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Building back better together: resilience cannot be achieved by turning inwards

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The COVID-19 pandemic is putting globalization to the test.

In this context, the key challenges of assessing risks to global value chains and developing strategies to increase their resilience were the focus of the fifth edition of the Forum on Globalization and Industrialization, the joint initiative of the United Nations Industrial Development Organization (UNIDO) and the Kiel Institute for the World Economy (IfW Kiel). This year’s Forum was held virtually under the title, “Globalization at the Crossroads: Risk, Resilience and Recalibration in Global Trade and Value Chains”, and brought together more than 300 participants from over 60 countries.

In his opening words, UNIDO’s Director General, LI Yong, said, “The pandemic has led to increased scrutiny of some of the established economic paradigms. Globalization, which relies on the premise of international production, trade and investment flows, and which has widened the economic opportunities of millions of people, has been called into question.”

He also highlighted the supply chain disruptions caused by the pandemic which prompt firms to make their supply chains more resilient. “Reinforcing regional operations by shortening supply chains and staying closer to the consumer is one of the possible strategies. Yet, resilience is not a call for self-sufficiency, and reinforcing regional integration is not a call for anti-globalism,” stated Li.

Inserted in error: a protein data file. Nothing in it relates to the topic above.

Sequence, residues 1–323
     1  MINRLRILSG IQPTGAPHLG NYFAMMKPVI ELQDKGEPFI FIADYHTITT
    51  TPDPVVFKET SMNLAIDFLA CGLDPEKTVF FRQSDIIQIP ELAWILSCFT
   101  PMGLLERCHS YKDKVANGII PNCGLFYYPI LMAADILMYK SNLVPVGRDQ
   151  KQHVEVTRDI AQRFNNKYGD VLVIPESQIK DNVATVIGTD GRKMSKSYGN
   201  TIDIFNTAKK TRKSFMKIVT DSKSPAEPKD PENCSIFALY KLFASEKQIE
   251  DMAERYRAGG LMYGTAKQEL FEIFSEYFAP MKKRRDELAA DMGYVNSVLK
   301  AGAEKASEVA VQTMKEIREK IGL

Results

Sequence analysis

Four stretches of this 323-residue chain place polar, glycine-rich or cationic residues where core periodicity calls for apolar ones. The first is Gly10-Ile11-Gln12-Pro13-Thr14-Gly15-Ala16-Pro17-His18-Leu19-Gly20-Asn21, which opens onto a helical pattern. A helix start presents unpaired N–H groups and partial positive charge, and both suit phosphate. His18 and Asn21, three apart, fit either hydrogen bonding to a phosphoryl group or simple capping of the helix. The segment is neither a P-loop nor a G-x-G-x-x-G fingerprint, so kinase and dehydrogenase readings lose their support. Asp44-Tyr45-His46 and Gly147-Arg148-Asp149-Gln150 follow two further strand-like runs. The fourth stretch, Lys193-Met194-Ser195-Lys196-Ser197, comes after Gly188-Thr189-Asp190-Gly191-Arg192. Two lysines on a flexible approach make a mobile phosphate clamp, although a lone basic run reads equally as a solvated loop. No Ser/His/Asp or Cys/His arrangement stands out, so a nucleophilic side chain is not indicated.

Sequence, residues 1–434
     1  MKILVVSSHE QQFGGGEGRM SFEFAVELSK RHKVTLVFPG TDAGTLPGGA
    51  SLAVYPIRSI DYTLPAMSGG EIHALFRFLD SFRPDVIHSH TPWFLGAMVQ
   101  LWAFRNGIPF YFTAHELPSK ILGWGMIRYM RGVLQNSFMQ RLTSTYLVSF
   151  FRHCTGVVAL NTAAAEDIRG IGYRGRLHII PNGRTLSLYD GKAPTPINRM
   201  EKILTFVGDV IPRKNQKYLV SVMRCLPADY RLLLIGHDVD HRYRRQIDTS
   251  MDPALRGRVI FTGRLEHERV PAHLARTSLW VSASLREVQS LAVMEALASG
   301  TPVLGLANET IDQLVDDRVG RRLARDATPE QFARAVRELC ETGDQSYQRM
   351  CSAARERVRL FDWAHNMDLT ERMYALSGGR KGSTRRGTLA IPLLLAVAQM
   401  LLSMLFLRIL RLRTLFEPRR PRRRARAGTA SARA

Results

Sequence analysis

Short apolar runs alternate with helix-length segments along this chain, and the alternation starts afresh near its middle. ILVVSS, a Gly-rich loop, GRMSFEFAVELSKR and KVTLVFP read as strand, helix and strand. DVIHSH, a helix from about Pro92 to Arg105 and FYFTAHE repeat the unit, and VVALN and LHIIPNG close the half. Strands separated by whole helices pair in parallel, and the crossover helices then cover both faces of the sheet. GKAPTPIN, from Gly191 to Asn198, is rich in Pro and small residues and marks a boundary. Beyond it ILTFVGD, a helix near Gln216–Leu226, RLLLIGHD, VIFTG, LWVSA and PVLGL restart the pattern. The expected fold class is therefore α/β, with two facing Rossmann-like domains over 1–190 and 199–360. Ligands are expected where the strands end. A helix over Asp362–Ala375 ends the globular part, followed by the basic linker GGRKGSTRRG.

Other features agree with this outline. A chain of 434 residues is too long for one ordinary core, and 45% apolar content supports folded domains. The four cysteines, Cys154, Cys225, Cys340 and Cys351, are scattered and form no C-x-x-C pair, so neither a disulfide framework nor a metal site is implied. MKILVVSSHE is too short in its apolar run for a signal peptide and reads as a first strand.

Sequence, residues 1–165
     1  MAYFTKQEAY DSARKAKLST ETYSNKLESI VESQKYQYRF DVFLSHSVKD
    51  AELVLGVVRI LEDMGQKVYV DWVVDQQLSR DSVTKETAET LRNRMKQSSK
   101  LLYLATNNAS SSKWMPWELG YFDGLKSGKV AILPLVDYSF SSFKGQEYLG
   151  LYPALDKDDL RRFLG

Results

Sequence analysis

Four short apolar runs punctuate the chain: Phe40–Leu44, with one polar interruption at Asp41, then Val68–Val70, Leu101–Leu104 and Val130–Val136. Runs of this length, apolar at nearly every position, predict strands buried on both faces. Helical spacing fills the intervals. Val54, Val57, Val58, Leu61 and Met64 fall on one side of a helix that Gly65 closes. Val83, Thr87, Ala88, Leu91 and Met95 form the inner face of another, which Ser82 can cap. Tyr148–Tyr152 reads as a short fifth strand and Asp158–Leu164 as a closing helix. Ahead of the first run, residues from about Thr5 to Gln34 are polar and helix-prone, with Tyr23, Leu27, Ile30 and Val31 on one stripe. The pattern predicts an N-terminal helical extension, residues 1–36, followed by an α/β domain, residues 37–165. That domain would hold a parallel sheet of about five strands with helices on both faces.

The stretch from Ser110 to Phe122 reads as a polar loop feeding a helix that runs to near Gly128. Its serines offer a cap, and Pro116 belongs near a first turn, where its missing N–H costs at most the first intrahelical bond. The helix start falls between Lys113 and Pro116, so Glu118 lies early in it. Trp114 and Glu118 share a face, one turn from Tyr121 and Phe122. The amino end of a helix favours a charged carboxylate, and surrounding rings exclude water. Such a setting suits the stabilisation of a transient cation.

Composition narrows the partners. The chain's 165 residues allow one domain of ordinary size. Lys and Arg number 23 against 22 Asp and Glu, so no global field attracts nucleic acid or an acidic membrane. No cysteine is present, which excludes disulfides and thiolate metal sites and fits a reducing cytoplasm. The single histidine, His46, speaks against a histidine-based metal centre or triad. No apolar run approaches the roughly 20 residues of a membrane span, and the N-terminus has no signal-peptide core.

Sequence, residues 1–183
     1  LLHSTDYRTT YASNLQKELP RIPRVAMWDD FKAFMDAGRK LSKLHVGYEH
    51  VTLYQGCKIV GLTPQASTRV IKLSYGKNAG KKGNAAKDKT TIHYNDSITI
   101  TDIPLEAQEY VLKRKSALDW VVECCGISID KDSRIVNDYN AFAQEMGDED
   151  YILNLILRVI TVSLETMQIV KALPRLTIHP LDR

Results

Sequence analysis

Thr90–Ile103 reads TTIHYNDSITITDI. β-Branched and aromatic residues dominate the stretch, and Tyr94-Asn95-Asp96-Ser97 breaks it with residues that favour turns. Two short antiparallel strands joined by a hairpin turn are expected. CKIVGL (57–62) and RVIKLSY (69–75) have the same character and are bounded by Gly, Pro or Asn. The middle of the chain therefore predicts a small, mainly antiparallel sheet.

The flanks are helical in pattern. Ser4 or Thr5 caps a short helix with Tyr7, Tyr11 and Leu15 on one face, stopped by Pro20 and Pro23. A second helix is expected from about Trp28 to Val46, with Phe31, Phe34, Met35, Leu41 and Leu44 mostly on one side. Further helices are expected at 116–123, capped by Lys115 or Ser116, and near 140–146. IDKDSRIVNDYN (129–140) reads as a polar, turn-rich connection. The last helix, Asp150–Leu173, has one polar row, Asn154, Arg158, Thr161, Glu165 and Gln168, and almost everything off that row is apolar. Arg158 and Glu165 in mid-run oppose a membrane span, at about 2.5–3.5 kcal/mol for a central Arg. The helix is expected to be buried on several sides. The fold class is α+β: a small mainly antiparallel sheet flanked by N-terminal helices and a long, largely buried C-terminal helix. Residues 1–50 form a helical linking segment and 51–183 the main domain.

Professor Felbermayr, President of the Kiel Institute for the World Economy, said, “In the spring (of this year), scepticism was looming large but today we see that certain problems that we saw are solved. Personal protective equipment is no longer scarce at all.” He further highlighted the relevance of multilateralism for the development of the COVID-19 vaccine, taking the example the cross-border cooperation between Biontech and Pfizer that produced the first supplies of a COVID vaccine. But although multilateralism has proven to be efficient during the pandemic, Felbermayr still sees a danger of economies turning inwards in their search for resilience and independence.

Rania Al-Mashat, Egypt’s Minister of International Cooperation, discussed the future of global value chains in Egypt and the MENA region. Talking about potential trends towards localized supply chains, Al-Mashat raised doubts about the feasibility of moving supply chains to new regions. She further addressed the concept of green recovery as an international trend, mentioning that both governments and companies increasingly attach importance to Environmental, Social and Governance (ESG) criteria. “This also pushes, implicitly, a globalized agenda because ESG are rules and guidelines that everyone is reading about, talking about, writing about and trying to comply with.”

“Forty-four percent [of executives surveyed] said they would start to consider resilience at the cost of short-term efficiency,” said Susan Lund, from the McKinsey Global Institute. Lund gave insights into firm-level policies to increase resilience and remarked that the actions to increase resilience, such as dual sourcing, may offer development perspectives for new markets. “We will see trade flows shift more over the next three to five years than we have in the past, as companies seek to diversify their supplier base. And I think this is good news for countries that haven’t participated as heavily in global value chains in the past,” concluded Lund.